“We are often quick to ask how events such as Ferguson affect citizens,” write the study’s authors, “but rarely do we consider whether these events are harmful to the police. This is perhaps an equally important question.”

By this logic, we should be as concerned about the harm done by bad press to Columbia, South Carolina, police officer Sam Fields—based on outcries against the way he animal-handled a young, orphaned, female student—as we are concerned about the actual harm Fields delivered to the student. This thinking ignores the fact that if police didn’t rough and shoot up African Americans with such regularity, then getting captured on camera would not be a problem. Based off the study, police apparently desire sensitivity that many officers do not afford to the citizens they’re sworn to protect—black citizens in particular.

There are two other major problems with the study. For one, the original concept of the “Ferguson Effect” has been taken well out of context, if not completely perverted. The authors define it as the escalation of crime as a direct result of police feeling muzzled by camera phones and media scrutiny. They reference articles in The New York Post and from the Manhattan Institute’s Heather Mac Donald written after the Baltimore riots this past May, which embrace this definition. Christie’s theory of rising crime due to a lack of White House support represents the fullest perversion of the “Ferguson Effect” meme.

But none of these are in alignment with the definition espoused by St. Louis police chief Sam Dotson, who was one of the first, if not the first, to reference it back in November 2014. Speaking to The St. Louis-Dispatch, Dotson explained the “Ferguson Effect” as having to do with a “criminal element [that] is feeling empowered by the environment,” and worried that his force did not have the manpower or resources to always deal with that. This sentiment was echoed by St. Louis County police chief Jon Belmar.

University of Missouri-St. Louis criminologist Rick Rosenfeld explained in that article that:

“Arrests have declined substantially … and it’s not necessarily that individual officers are giving up, it’s because normal officers are being taken off their normal beat activities for training and protest events, so arrests go down.”

The only person to mention bad police publicity as a possible cause of rising crime in that article was St. Louis police union president Gabe Crocker, who said:  “With all the criticism of police departments, that could signify weakness and could encourage them to engage in additional criminal behavior.”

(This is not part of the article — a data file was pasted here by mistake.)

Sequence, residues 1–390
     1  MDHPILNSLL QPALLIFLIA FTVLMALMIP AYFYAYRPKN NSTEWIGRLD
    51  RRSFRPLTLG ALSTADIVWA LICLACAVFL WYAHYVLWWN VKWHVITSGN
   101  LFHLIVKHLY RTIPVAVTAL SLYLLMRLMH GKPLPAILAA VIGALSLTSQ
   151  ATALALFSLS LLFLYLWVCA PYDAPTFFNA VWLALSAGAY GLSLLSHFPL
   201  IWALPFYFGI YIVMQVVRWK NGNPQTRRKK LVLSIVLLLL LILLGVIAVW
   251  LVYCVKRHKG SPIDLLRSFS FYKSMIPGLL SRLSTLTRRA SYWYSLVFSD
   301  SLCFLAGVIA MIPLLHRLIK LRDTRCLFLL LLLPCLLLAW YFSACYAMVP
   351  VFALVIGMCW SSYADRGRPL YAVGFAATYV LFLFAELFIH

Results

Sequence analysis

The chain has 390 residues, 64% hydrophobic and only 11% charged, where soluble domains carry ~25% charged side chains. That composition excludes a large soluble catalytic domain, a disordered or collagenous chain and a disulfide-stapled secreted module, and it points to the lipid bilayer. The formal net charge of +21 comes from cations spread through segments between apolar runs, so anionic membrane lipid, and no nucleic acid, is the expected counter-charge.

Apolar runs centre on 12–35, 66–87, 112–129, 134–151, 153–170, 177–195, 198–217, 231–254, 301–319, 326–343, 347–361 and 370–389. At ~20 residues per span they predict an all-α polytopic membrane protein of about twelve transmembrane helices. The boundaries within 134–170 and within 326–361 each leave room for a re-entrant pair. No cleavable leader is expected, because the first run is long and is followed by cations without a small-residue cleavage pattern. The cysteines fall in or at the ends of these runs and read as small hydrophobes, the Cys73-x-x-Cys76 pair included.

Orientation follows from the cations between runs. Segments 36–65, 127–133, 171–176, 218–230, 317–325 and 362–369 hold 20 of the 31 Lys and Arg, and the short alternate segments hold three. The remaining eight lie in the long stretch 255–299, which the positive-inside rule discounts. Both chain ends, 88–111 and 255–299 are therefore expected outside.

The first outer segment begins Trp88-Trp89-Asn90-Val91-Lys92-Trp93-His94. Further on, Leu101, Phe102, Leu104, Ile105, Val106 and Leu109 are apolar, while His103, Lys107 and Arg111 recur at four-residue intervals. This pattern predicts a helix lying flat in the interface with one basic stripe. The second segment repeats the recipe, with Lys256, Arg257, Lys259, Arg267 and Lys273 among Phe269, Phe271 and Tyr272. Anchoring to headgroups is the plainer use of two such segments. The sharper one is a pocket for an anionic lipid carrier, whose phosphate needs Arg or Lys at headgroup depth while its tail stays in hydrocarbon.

Blaming the media is only a convenient foil for a tough discussion about the lack of resources needed for public safety.

The study also uses the wrong starting point, as do its references, when describing this supposed effect. Well before police killed Brown and riots broke out, the city of Ferguson was already having an effect on African-American lives through shakedown tactics employed by police and courts for years. As the U.S. Justice Department investigation found, cities around St. Louis County were arresting and fining black residents to death for meager offenses like traffic tickets and walking in the streets.  

The study’s conclusion is as flawed as its premise. If the idea is that the Ferguson Effect is the result of officers’ “reduced motivation stemming from negative publicity,” that doesn’t seem to square with instances of police reform initiatives launched in recent months.

Police chiefs met this week in Chicago, where violent crime has escalated tremendously, to discuss better community engagement; FBI director Comey even spoke there on what the police could learn from Black Lives Matter. The convening coincided with a declaration from law enforcement officials that they would be working to reverse mass incarceration trends. Ferguson police aren’t involved in that effort, but they’ve been involved in internal reform processes that would bring uniform policing standards across St. Louis County.

This, of course, could all be window dressing. But on its face, it seems to negate the idea that poor police press leads to rising crime and less police willingness to engage with communities. Nor is Christie’s theory about lack of federal support correct, given that the U.S. Justice Department has been making it rain with funding for local police efforts, especially since Ferguson.

The best course here is probably to stop looking for ways to make the “Ferguson Effect” phrase stick, and focus more on how to sustain efforts to hold police accountable to the communities that need the most protection.